There are two men named Sisera in the Bible. One is mentioned briefly in Ezra 2:53 and Nehemiah 7:55; this Sisera was a temple servant who returned to Jerusalem when the Israelite exiles were allowed to leave Persia and go back to their own land.
The other Sisera—the infamous Sisera—lived in the time of the judges and was the commander of a Canaanite army. The Canaanites, led by King Jabin, had been God’s tool of judgment upon the Israelites for their idolatry (Judges 4:2).
Sisera had 900 iron chariots at his disposal, compared to the Israelites, who had no chariots. For twenty years Sisera “cruelly oppressed the Israelites” (Judges 4:3). As was their habit when they were in trouble, the Israelites called to God for deliverance. Deborah the prophetess, who was also judging at the time, received word from the Lord in answer to the Israelites’ call. She summoned a man named Barak and told him, “The Lord, the God of Israel, commands you: ‘Go, take with you ten thousand men of Naphtali and Zebulun and lead them up to Mount Tabor. I will lead Sisera, the commander of Jabin’s army, with his chariots and his troops to the Kishon River and give him into your hands’” (verses 6b–7).
Barak was hesitant and requested that Deborah accompany him. Because of this hesitation, Deborah prophesied that Sisera would fall at the hands of a woman and Barak would get none of the glory (Judges 4:9). But Deborah agreed to go with Barak to Mount Tabor, where Barak and his 10,000 men met Sisera in battle. God sent a flash flood that disabled Sisera’s chariots, and the Israelites routed their enemies (Judges 5:4, 20–21). In the face of defeat, Sisera fled on foot (Judges 4:15). As Barak and the Israelites tracked down and destroyed Sisera’s army, Sisera himself sought a hiding place. He came to the dwelling of Heber the Kenite, who was allied with King Jabin of Canaan (Judges 4:17). As Sisera approached, Heber’s wife, Jael, called him into her tent with the promise of safety (verse 18). Sisera accepted her offer. Since it was against social norms for a man to enter a woman’s tent, Jael seemed to be offering a perfect hiding place.
Sisera told Jael that he was thirsty, and she gave him some milk and covered him with a blanket (Judges 4:19). Feeling relatively safe, Sisera asked Jael to watch at the door of the tent and then fell asleep. As Sisera was sleeping, Jael took a tent peg and hammer, sneaked up on the sleeping commander, and drove the tent peg through his skull and into the ground (Judges 4:21). When Barak came looking for Sisera, Jael led him into the tent to show him Sisera’s body with his head pinned to the ground. Deborah’s prophecy that Sisera would be brought down by a woman had been fulfilled.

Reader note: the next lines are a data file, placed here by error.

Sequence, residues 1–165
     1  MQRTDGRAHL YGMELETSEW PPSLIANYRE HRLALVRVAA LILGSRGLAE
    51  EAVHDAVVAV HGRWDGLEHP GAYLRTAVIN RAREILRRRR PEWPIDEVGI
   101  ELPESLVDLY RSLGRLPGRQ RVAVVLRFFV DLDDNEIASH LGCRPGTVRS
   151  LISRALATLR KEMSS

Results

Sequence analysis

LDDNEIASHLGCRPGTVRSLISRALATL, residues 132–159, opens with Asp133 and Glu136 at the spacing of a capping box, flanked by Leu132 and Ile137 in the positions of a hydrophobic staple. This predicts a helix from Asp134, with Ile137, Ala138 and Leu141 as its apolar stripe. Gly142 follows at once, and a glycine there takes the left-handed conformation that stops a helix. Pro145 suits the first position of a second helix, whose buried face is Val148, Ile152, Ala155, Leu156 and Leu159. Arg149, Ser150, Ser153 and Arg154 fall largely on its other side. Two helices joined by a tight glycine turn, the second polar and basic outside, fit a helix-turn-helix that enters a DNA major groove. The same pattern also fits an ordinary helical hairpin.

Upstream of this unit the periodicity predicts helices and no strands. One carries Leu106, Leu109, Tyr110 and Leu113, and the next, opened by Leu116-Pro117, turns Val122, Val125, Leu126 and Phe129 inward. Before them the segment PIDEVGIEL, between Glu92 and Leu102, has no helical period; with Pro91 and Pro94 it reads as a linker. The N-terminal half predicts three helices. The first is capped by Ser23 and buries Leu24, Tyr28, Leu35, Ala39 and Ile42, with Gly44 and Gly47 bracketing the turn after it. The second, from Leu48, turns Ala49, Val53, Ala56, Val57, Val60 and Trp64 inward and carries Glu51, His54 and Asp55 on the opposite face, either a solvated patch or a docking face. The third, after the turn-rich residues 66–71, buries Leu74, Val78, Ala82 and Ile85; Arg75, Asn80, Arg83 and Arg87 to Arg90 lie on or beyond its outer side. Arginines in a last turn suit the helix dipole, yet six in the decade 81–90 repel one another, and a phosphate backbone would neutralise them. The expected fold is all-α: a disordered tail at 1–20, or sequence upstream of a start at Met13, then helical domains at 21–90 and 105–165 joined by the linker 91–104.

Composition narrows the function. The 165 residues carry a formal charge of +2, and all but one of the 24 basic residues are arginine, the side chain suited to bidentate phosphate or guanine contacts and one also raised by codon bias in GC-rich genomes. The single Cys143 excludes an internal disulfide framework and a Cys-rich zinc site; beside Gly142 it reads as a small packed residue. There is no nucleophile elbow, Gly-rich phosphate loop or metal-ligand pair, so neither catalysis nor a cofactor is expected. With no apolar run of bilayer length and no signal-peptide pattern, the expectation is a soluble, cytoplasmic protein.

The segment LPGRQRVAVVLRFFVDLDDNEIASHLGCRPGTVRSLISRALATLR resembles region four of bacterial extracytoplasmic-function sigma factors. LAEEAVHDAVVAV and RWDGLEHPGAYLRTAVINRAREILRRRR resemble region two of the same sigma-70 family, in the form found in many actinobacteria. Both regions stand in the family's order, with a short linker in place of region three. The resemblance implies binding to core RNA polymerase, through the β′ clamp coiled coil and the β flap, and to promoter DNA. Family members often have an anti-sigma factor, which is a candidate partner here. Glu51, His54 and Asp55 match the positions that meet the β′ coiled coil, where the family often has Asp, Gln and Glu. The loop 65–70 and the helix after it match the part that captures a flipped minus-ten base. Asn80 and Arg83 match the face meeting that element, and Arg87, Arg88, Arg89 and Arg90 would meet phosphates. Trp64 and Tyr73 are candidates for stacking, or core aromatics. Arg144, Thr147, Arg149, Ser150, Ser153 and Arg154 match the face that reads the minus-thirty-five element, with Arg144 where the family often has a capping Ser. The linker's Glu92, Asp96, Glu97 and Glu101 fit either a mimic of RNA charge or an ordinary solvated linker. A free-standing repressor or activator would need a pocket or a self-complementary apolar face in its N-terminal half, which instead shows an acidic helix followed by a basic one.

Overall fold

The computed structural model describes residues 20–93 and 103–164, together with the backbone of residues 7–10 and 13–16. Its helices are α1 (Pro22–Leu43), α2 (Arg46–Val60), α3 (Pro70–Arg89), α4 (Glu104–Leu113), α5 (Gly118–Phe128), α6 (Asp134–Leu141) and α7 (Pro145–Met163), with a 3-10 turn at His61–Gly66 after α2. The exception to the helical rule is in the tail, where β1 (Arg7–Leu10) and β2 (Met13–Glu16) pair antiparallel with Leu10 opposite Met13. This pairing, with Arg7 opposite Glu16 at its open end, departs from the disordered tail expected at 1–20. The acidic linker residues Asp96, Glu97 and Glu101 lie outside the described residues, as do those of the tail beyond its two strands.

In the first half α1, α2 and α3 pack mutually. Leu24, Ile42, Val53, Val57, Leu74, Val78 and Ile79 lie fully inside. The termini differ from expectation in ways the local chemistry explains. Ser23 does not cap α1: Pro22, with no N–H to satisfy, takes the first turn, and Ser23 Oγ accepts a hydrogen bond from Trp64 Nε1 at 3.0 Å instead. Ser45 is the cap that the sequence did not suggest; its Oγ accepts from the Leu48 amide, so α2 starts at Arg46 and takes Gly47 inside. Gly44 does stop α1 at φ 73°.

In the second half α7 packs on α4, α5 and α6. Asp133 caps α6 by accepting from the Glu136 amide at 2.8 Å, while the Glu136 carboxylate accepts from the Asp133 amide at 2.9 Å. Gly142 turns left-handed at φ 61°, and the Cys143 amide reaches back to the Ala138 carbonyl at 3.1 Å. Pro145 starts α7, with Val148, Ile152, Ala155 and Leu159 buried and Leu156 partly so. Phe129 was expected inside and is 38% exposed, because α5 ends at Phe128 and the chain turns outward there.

The death of Sisera and his army greatly weakened King Jabin’s grip on the Israelites, and God’s people were eventually able to overcome him and be free of the Canaanite oppression (Judges 4:23–24). On the day of Sisera’s death, Barak and Deborah sang a song of praise, which can be found in Judges 5, detailing God’s deliverance of the Israelites from the hands of the evil commander. Near the end of the song is a unique passage full of irony. Deborah takes the perspective of Sisera’s mother waiting for her fallen son:
“Through the window peered Sisera’s mother;
behind the lattice she cried out,
‘Why is his chariot so long in coming?
Why is the clatter of his chariots delayed?’
The wisest of her ladies answer her;
indeed, she keeps saying to herself,
‘Are they not finding and dividing the spoils:
a woman or two for each man,
colorful garments as plunder for Sisera,
colorful garments embroidered,
highly embroidered garments for my neck—
all this as plunder?’” (Judges 5:28–30).
The Canaanites, under Sisera’s military leadership, fully expected to defeat the Israelites, who were outgunned, outnumbered, and seemingly powerless. Sisera’s mother’s mention of rich spoils and the abuse of captured women indicate the greed and ruthless nature of the Canaanite army. What Sisera (and his mother) did not count on was the God of Israel, who intervened on behalf of His people.
So great was the triumph of Israel over Sisera and his army that King David would later remember it in one of his psalms: “Do to [your enemies] as you did to Midian, / as you did to Sisera and Jabin at the river Kishon” (Psalm 83:9).